A Utah-based group that made headlines across the state for running an anti-gay ad in the Deseret News and the Salt Lake Tribune in February has again attempted to take out ads in both papers—this time blaming gays for an episode of an HBO drama depicting an LDS temple ceremony.
Only this time, editors of both papers refused to run the ad.
Once concerned primarily with protecting the rights of children born in the U.S. to undocumented immigrants, America Forever (run by Sandra Rodrigues and her brother Jonas Filho) has in recent years turned its attention to the issue of homosexuality, particularly in Utah. In February, the group placed a full page, full-color ad in the Salt Lake Tribune and the Deseret News urging Utahns to reject the Common Ground Initiative, four bills by gay rights organization Equality Utah that sought to give gay and transgender Utahns more legal protections. The advertisement also criticized Utah Gov. Jon Huntsman, Jr. for publicly stating his support of civil unions for gay and lesbian couples. The February advertisement accused Equality Utah of attempting to use LDS Church statements that said the church didn’t object to non-marital rights for gay people “as a shield to numb the public conscience of their religious duty and rights.” It also compared gays to “druggies and hookers” and called them “anti-species” because gay sex is not procreative.
Many Utahns criticized the newspapers for permitting the advertisement to run. Additionally, several legislators – including many who voted against the Common Ground bills — also called the advertisements inappropriate.
In their March advertisement, America Forever shifted from criticizing pieces of legislation to blaming gays for an episode of HBO’s drama Big Love that featured a depiction of an LDS temple endowment ceremony — a ceremony that Mormons consider to be off-limits for non-members. Big Love follows the lives of members of polygamist sect that has broken away from mainstream Mormonism.
Because Big Love’s co-creators Mark V. Olsen and Will Scheffer are gay, America Forever called the episode a deliberate attempt to be “disrespectful” to Mormons.
“This is persecution and retaliation against the LDS Church for its Stance [sic] on Proposition 8 in California!” read the ad, referring to a controversial ballot measure seeking to re-ban gay marriage which the LDS Church supported. The ad also compared the airing of the episode to “burn[ing] a cross on the church’s lawn.”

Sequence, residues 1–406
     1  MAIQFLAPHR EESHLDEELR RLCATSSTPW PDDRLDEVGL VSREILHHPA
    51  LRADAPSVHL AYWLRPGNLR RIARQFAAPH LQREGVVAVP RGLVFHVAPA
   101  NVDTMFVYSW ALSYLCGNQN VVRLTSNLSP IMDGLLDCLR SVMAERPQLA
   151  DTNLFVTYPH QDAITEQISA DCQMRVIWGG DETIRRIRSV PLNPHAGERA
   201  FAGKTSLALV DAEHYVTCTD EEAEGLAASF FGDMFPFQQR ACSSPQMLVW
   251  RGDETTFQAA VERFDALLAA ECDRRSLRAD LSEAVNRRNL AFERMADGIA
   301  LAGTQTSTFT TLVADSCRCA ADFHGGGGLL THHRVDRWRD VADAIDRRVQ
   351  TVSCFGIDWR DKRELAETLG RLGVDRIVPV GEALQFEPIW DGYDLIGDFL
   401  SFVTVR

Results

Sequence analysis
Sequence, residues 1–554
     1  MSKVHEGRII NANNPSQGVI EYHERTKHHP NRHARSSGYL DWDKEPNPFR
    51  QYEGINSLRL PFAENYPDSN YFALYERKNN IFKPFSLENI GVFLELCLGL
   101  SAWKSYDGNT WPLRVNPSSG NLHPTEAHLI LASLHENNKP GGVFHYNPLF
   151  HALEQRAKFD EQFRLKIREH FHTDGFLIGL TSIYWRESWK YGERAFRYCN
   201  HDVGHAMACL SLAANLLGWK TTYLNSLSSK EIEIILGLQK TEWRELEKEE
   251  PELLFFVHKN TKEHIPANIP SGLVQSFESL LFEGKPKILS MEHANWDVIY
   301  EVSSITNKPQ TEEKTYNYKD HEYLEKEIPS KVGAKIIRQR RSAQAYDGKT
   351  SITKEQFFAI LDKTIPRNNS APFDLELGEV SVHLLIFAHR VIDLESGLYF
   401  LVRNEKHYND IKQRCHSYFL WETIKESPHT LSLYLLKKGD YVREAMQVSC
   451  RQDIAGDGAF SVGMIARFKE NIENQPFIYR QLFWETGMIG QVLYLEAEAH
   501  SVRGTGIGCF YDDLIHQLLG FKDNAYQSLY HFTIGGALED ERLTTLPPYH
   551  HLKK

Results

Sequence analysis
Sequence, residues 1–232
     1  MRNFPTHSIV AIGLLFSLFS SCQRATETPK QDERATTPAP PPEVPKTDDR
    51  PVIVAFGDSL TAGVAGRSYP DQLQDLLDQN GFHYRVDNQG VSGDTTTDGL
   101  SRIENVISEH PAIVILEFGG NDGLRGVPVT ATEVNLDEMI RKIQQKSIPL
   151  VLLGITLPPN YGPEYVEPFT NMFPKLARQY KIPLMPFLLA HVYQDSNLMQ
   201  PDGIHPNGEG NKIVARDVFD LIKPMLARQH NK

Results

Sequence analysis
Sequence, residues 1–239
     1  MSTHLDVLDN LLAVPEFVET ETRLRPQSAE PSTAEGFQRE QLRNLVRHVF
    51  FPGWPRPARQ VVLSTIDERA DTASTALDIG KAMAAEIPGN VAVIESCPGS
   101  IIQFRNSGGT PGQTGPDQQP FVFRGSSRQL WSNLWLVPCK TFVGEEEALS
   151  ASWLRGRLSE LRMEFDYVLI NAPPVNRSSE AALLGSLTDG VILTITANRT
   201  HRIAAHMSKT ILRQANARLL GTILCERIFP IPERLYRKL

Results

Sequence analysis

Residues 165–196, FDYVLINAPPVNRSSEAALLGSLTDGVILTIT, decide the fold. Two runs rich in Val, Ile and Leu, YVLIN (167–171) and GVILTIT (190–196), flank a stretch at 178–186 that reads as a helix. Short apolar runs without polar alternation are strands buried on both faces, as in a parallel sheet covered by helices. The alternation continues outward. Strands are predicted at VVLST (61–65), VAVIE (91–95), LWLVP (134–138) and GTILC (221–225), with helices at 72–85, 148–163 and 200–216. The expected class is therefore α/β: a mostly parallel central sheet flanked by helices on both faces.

Despite these criticisms, the Big Love ad stated that America Forever is not an anti-gay group.
“America Forever is a non-hateful group with its only intent being of exposing the homosexual movement for what it really is,” the ad read. “There are many homosexuals that are your family and friends, and are good people. There is no intent to harm anyone. We do know that many of them are not aware of what this movement is doing. We feel that the faster this movement is exposed the les victims there will be!”
Although advertisements for the Deseret News and the Salt Lake Tribune are handled separately by a company named MediaOne, Tribune editor Nancy Conway and Deseret News publisher Jim Wahl both agreed not to run the ad in their publications, according to Tribune columnist Paul Rolly. Rolly reported that Conway compared the advertisement to hate speech and Wahl said he did not want to promote something “detrimental to the community and [that] causes pain.”
America Forever then sent unsolicited faxes of the ad to several Utah businesses — including some colleges and universities—complete with accusations that the newspapers had “stifled our free speech.”
“[T]oday we are wondering where is the freedom of the press?” the fax read.
According to Rolly, it was a gesture that upset many of the recipients.
“Several businesses have sent copies of the fax they received from America Forever and have let me know of their displeasure at receiving its blustering against their will,” he wrote.